In 1910, Dr Crippen, an American homoeopathic physician living in London, attempted to dispose of the remains of his wife, Cora, by dissolving her torso in a bath of acid. It might be hard to imagine, but the world's ocean is turning into a warm acid bath because of excess carbon dioxide in our atmosphere.
Carbon dioxide gas not only creates a greenhouse effect but also dissolves in seawater to form carbonic acid. Fortunately for humankind, the capacity of the sea to absorb the gas has offset the problem of warming from fossil-fuel emissions.
But now there are signs that the oceans can't take much more carbon dioxide.
In the evolutionarily fine-tuned oceans, a small change in acidity is enough to shift an organism's physiology from building up bony and stony body parts to breaking them down. Coral polyps are the world's most avid skeleton-builders, but they can't build in an acidic sea. Without maintenance from the organisms that build them, coral reefs start to crumble. Coral reefs protect large areas of tropical coastlines and blunt the effects of typhoons and tsunamis, as well as being an important source of food for fish. Many of the world's largest cities are built on tropical coasts.
It doesn't take much to work out that raising our atmospheric carbon-dioxide levels and thereby acidifying oceans will have grave consequences for human societies as well as wild ecosystems.
The trouble is that the 1.4 quintillion cubic metres of the world's ocean is chewed up, processed and spat out again and again by organisms we can't see with the naked eye, and that we know almost nothing about. We do know that these life forms are the most important on the planet for converting carbon dioxide into living matter by the most significant chemical reaction of them all - photosynthesis. In fact, photosynthetic micro-organisms live in a compulsory symbiosis with reef-building corals, but the cohabiting microbes are very sensitive to the overheated water resulting from carbon dioxide's greenhouse effect. It's double jeopardy for coral, therefore.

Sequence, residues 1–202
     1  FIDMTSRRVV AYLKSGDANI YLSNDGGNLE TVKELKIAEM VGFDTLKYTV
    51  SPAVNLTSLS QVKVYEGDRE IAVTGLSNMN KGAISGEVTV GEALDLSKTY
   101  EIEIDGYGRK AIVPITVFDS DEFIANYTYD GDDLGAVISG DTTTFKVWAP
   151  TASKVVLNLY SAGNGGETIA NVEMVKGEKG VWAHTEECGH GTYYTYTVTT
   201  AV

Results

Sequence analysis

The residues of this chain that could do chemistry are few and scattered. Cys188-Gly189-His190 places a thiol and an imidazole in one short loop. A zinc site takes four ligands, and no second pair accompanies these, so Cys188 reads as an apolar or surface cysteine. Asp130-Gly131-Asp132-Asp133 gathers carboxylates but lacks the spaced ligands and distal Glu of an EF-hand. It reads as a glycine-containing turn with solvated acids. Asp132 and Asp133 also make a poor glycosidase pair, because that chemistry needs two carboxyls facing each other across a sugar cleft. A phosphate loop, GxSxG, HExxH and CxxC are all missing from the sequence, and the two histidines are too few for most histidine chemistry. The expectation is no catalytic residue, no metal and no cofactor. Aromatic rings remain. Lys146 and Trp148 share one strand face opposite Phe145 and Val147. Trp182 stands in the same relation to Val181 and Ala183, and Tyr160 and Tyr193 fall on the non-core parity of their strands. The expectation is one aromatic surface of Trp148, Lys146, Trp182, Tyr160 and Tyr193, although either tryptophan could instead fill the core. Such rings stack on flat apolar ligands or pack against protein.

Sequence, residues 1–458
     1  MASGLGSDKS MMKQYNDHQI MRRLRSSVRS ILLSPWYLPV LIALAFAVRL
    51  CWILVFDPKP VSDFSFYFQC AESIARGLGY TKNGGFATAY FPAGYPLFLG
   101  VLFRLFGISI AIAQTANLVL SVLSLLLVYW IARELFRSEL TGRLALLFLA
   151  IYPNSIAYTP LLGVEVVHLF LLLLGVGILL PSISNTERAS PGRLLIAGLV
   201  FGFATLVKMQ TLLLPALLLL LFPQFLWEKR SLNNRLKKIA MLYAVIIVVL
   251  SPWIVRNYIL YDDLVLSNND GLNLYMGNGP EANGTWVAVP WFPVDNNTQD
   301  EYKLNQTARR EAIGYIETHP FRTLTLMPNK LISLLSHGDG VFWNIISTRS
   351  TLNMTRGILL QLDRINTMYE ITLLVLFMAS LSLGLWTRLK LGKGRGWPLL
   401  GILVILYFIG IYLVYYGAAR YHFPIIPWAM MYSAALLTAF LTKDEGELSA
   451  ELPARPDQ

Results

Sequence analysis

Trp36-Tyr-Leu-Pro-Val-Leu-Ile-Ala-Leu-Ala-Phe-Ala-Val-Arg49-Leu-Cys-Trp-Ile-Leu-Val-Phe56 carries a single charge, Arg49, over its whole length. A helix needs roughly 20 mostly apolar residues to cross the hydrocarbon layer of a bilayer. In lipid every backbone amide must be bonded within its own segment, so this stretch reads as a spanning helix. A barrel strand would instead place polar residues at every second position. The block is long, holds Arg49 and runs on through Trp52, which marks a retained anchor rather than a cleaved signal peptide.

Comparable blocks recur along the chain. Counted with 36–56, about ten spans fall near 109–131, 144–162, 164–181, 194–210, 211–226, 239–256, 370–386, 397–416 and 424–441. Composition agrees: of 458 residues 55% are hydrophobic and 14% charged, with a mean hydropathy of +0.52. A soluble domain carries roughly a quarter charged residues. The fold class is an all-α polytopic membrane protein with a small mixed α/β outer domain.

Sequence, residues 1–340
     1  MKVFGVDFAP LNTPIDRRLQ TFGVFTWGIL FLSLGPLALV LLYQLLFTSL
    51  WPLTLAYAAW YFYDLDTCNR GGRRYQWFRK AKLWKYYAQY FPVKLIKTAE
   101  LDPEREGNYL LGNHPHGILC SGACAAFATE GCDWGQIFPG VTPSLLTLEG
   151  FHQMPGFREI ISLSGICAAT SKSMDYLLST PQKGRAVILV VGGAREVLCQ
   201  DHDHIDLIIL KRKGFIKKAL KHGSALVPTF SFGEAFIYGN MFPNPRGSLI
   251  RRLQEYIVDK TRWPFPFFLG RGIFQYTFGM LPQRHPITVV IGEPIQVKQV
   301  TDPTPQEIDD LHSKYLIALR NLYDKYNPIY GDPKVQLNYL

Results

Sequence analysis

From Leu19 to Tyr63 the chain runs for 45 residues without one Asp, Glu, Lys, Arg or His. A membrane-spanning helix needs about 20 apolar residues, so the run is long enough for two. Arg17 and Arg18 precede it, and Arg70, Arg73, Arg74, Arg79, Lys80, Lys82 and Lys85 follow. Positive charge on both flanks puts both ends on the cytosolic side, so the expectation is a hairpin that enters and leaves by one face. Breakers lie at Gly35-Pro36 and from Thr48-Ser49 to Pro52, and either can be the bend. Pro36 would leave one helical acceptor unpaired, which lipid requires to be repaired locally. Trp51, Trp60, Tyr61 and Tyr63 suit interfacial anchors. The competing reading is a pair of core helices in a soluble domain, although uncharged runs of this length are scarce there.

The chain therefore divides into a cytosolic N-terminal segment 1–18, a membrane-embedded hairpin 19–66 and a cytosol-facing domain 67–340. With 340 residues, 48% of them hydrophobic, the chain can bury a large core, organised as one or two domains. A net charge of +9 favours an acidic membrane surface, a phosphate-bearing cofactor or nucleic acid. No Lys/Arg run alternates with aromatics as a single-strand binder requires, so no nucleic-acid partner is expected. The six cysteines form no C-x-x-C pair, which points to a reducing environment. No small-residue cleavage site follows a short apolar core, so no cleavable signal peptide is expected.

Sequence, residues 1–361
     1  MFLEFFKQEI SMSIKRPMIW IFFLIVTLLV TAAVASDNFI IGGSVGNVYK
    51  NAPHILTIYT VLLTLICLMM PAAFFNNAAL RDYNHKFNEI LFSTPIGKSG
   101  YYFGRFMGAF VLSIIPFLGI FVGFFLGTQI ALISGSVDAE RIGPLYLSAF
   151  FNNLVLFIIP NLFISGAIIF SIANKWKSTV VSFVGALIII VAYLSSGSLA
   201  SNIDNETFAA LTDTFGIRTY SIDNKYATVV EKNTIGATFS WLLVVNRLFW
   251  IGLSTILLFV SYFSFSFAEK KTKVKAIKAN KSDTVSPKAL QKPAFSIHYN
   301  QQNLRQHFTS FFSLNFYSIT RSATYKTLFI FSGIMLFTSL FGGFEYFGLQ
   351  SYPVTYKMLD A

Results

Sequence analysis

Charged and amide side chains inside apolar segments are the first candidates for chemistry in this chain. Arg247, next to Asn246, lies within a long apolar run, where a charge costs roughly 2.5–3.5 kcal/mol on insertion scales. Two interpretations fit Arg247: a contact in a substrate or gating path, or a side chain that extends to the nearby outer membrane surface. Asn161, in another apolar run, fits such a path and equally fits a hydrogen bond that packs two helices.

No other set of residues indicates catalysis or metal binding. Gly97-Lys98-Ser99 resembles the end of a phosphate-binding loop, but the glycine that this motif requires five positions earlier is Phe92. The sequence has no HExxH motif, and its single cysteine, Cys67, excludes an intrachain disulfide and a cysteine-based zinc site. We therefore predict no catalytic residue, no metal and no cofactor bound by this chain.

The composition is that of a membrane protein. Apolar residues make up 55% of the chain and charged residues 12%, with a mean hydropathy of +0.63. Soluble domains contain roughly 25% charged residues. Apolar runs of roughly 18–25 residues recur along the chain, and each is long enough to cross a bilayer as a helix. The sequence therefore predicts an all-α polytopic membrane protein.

Apart from reinventing life, the American biologist Craig Venter has more usefully attempted to find out more about these ocean-living microbes. Venter likes to go sailing, and his state-of-the-art yacht is geared up for regular microbe sampling during voyages. The microbial DNA is extracted, and from the sequences he can obtain indications of what kinds of chemical reactions the sea's microbes can participate in.
Obtaining a DNA sequence nowadays is almost trivial, but it is not so easy to work out how bacteria interact, not even in one cubic millimetre of surface water. Once you have the data from the myriad necessary observations, it has to be fed into some sort of plausible model to explain what is happening on the scale of an ocean basin. The latest issue of Science magazine calls for urgent investment in long-term, systematic and international ocean research collaborations so that we can join up more of the dots in the great unknown of the world ocean.
To understand what we are doing to the world's vast oceans we first need to understand the very, very small. If we don't keep the oceans alive and change our sinister energy consumption habits will we, like Dr Crippen's wife, dissolve in an acid bath of our own making?
Caroline Ash is senior editor of Science magazine.
Mark Lynas will return in August.